A promising tool to potentially correct defective genes withinthe brain is described by three research groups in the March1993 issue of Nature Genetics, released in advance copiesThursday.

The reports focus on using adenoviruses to insert genesdirectly into cells of the central nervous system.

"The news is exciting, novel and of potential use," saidresearcher Beverly Davidson of the University of Michigan.

Her group, and a team led by Marc Peschanski of INSERM inFrance, caused cells to produce an easily visualized protein,beta-galactosidase, for up to eight weeks after injectingadenovirus carrying the gene into the brains of mice or rats. Athird group, led by Ronald Crystal of the National Heart, Lungand Blood Institute in Bethesda, Md., made cells lining brainventricles secrete alpha-1 antitrypsin after injecting the virusinto the cerebral spinal fluid instead of directly into the brain.

Theoretically, transferring genes to the central nervous systemwould permit using genes as a "drug," Crystal's group wrote,"obviating concerns about reactions to the cell delivery systemand the cumbersome aspect of carrying out ex vivo genetransfer."

As a precaution, the viruses are altered so they cannot multiplywithin the cells.

The actual state of the virus in the cell is unknown, pointed outXandra Breakefield, of the Harvard Medical School neuroscienceprogram, in an editorial accompanying the reports. Shecautioned that safety studies are needed to ensure the viruscannot regain the capacity to multiply and spread, that it willnot cause tumor formation and will not incite a cell-slayingimmune reaction.

On the other hand, she noted that adenoviruses seem to cause"robust" production of the protein desired, and appear to causeno harm.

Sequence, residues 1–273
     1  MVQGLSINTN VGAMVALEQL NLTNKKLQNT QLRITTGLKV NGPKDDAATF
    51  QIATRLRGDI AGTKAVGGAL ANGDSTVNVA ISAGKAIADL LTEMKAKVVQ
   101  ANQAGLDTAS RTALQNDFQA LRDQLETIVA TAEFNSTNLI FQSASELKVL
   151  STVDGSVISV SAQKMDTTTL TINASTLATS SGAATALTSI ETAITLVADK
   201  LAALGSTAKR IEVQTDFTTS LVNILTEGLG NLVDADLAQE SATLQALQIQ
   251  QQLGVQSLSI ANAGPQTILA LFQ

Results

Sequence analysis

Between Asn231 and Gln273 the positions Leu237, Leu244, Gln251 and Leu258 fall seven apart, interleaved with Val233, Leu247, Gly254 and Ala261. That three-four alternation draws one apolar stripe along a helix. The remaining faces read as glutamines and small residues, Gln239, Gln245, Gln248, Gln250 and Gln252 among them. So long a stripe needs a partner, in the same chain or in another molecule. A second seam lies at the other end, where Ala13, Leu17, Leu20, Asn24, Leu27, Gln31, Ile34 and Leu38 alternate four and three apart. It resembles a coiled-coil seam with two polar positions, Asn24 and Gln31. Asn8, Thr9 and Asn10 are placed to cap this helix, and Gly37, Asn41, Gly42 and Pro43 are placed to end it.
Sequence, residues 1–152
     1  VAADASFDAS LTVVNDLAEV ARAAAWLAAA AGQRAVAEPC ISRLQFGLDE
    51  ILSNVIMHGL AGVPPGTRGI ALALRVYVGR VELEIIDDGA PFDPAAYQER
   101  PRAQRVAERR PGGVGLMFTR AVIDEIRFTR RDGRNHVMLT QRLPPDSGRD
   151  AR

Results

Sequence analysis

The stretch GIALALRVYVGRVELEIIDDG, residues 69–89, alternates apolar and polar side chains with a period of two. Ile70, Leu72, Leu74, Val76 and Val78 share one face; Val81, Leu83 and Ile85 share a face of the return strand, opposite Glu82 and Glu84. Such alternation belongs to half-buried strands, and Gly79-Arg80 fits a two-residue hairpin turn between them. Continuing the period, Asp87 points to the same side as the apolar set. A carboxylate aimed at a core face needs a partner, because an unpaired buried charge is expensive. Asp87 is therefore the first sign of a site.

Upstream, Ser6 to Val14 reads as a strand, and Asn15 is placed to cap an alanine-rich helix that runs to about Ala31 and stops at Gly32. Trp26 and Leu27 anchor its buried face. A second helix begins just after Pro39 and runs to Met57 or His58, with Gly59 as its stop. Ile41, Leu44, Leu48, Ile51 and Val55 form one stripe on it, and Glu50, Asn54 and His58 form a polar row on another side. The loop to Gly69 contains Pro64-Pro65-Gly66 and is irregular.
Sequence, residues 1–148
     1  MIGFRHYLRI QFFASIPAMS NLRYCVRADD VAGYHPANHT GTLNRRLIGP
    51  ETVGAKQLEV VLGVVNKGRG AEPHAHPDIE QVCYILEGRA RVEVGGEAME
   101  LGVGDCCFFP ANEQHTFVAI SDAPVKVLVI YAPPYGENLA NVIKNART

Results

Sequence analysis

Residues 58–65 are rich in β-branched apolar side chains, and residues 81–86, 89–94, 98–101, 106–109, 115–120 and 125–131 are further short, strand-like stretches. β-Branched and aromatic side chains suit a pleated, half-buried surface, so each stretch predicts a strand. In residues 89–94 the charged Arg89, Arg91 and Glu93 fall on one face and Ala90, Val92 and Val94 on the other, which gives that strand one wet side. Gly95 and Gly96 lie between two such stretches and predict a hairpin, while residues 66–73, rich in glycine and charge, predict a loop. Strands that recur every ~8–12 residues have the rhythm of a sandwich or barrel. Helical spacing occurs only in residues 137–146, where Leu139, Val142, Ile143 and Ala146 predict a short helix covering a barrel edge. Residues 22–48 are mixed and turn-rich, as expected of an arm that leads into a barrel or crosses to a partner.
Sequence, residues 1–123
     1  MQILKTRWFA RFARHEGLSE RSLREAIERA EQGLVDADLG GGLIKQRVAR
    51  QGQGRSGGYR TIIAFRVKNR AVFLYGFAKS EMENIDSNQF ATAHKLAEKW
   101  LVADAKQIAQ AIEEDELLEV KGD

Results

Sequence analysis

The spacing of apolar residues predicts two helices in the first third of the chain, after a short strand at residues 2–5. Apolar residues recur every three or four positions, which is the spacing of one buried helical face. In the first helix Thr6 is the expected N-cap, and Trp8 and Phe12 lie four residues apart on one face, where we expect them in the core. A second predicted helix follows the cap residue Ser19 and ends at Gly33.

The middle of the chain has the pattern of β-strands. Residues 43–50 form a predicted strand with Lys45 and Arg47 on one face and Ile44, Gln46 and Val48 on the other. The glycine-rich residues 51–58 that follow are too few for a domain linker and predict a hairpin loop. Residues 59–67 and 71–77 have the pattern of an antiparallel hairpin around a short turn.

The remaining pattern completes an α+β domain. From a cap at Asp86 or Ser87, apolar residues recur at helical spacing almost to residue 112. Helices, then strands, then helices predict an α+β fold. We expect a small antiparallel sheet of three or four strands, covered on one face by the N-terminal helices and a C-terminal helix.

A specialist with herpes virus vectors, which selectively infectneurons, she added that adenoviruses' ability to promoterobust production of a desired protein for a week or longerappears "remarkable" in a variety of nerve cells. Also, inducingongoing production in the cerebral spinal fluid is important, shenoted, because proteins there normally turn over rapidly.

Davidson said it is too early to hope for cures to such diseasesas Parkinson's or Huntington's, but expects gene replacementtherapy researchers will begin long-term studies in animalsthat have inherited metabolic disorders or induced forms ofParkinson's.

Besides potentially breaching the blood-brain barrier fordelivering therapeutic proteins, scientists will be able to usethe viruses to probe how different parts of the brain affect anentire organism.

"This is the first opportunity to understand what's going on invivo," Davidson said. "You can overexpress a gene and look at itin the whole animal, not just in a cell culture. It gives a goodidea of what's going on at a cellular level physiologically."

-- Nancy Garcia Associate Editor

(c) 1997 American Health Consultants. All rights reserved.

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